“Urbanalities” by Babel vs. Escha

Screen capture from "Urbanalities" by Babel vs. Escha. Black background with a red and white analogous clock face with a red vector shooting out in the middle of one and two.

Open: “Urbanalities” by Babel vs. Escha

This “short story-poem-comic strip-musical” by Chris Joseph and María Colino consists of 10 highly stylized Flash pieces in the Dada and Constructivist traditions. Two particularly arresting poems are “River” and “Sex/Conception” (see images above) because of how they use their images and randomly generated texts.

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“Cruising” by Ingrid Ankerson and Megan Sapnar

Screen capture from "Cruising" by Ingrid Ankerson and Megan Sapnar. Grayscale photograph of a car on a street underneath a blue tinted picture of a woman's face. Text: "...dog. We wanted love. That's..."

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“Stir Fry Texts” by Jim Andrews

Screen shot from “Stir Fry Texts” by Jim Andrews. Black background with white, gray and blue text. Text: “I split the full scale mark – I choke/ Who now is the author? Who really ca/ the mail? Let him whine and fret ab/ important thing is not who writes or m/ the bookie can tell, then I begin di/ walked in. the hyacinth itself a wo/ Good way of rubbing n texts together/ bacteria of the reader, the various use-/ Good way to see what that langua/ Joseph Weizenbaum/ Computer Power and Human re.”

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“On Lionel Kearns” by Jim Andrews

Screen capture of “On Lionel Kearns” by Jim Andrews. A zero is formed out of ones (1), and a one is formed out of zeroes (0).

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“Nio” by Jim Andrews

Screen capture of "Nio" by Jim Andrews. Circle composed of numerous blue icons.

Hello world

I’ve created over 25 websites, blogs, groups, and other online spaces since 1999. For the past 5 years, I’ve maintained a blog which documents my professional work, including most of my course blogs. I use Facebook to keep in touch with friends and family, sharing choice morsels of my personal life.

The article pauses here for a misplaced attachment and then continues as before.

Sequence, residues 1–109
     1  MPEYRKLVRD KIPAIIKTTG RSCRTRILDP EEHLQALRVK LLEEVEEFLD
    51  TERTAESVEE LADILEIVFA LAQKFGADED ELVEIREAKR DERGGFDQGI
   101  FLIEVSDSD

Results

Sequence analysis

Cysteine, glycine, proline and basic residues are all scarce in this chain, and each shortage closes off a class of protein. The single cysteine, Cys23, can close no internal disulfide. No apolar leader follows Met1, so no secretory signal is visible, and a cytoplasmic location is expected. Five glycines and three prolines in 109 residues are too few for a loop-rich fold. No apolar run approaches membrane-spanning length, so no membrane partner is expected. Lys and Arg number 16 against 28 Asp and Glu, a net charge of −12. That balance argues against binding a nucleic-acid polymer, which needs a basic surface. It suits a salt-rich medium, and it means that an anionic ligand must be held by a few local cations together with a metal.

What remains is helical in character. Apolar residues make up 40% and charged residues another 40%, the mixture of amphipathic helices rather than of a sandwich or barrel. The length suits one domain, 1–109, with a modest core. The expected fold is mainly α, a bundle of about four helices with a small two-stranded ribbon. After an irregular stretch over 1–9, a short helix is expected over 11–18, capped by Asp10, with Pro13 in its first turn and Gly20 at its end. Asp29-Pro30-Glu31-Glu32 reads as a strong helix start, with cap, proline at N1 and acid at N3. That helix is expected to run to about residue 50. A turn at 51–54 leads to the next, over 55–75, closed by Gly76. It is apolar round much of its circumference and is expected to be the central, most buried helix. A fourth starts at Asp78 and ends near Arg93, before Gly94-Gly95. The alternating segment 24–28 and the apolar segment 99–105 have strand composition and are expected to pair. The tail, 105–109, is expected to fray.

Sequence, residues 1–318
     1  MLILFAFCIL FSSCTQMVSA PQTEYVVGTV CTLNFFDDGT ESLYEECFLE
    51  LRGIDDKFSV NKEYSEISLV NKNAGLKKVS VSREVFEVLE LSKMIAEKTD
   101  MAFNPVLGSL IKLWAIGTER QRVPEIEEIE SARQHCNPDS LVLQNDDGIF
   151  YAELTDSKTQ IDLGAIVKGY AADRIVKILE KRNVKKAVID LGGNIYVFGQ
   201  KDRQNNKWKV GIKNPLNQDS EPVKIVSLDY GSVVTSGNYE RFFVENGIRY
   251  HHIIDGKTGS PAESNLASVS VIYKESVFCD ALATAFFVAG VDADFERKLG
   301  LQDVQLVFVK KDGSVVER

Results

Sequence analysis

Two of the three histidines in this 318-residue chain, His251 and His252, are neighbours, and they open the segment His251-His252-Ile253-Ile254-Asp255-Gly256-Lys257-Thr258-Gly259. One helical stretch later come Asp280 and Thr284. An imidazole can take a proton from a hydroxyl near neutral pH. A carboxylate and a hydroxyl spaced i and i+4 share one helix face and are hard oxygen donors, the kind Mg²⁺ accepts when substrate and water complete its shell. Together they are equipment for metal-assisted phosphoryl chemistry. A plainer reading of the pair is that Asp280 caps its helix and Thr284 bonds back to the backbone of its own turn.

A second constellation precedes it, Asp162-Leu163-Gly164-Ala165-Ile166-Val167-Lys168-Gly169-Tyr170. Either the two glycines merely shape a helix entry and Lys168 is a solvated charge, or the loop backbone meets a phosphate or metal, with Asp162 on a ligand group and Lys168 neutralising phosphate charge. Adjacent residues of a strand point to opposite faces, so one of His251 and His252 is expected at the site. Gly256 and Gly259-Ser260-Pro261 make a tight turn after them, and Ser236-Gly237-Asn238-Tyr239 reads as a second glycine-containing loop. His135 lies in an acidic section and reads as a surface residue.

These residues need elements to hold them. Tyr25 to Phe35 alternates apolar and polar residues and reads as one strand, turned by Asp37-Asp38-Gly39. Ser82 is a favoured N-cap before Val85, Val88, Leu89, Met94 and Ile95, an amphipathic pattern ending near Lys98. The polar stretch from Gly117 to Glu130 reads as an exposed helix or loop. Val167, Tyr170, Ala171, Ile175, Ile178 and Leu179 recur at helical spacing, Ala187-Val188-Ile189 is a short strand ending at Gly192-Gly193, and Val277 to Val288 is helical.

Aside from my dissertation, articles, and presentations, I’ve been searching for my voice as a scholar of digital literature. I use Twitter to connect with my peers in the digital humanities and e-literature communities. I read, favorite, retweet, share, and occasionally reply, but I don’t feel like I’m making a contribution.

My dad used to say one shouldn’t speak unless one had something to contribute to the conversation. So I’ve been mostly quiet: reading, listening, learning.

Today it struck me: I know what to contribute. I’m going to read an e-poem every day, and I will respond to it in writing: in about 100 words. Every day.

I’ll start with the Electronic Literature Collections, then take on the Electronic Poetry Center, or the Electronic Literature Directory, or the ELMCIP Knowledge Base, or poetry e-zines, or individual websites. The point is: there is enough e-poetry out there for me to read and respond to for a long while.

If this blog helps people discover the poetic potential of digital media or sparks some ideas, great. If you’re interested, feel free to follow, subscribe, like, share, retweet, bookmark, whatever. Or not: it’s all good.

It will serve me as an annotated bibliography of what I find interesting in e-poetry. And that alone will make it worth my time and effort.

I’m looking forward to the challenge.